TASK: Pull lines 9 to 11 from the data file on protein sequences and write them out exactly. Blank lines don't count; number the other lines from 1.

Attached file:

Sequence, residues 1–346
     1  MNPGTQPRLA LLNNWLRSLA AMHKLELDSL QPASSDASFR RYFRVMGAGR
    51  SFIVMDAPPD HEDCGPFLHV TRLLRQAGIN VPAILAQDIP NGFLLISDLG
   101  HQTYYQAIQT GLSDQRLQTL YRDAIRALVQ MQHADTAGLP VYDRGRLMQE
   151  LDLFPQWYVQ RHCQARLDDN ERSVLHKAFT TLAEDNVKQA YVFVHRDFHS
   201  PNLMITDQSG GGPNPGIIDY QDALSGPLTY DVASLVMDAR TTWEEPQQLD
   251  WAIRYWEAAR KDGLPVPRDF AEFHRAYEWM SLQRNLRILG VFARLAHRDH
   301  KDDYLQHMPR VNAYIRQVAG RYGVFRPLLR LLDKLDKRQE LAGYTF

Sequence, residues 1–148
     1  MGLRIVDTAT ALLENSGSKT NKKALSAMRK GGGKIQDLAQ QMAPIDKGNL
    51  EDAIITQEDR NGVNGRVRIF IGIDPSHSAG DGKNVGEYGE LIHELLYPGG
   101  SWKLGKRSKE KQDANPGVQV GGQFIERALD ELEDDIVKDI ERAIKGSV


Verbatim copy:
Sequence, residues 1–148
     1  MGLRIVDTAT ALLENSGSKT NKKALSAMRK GGGKIQDLAQ QMAPIDKGNL
    51  EDAIITQEDR NGVNGRVRIF IGIDPSHSAG DGKNVGEYGE LIHELLYPGG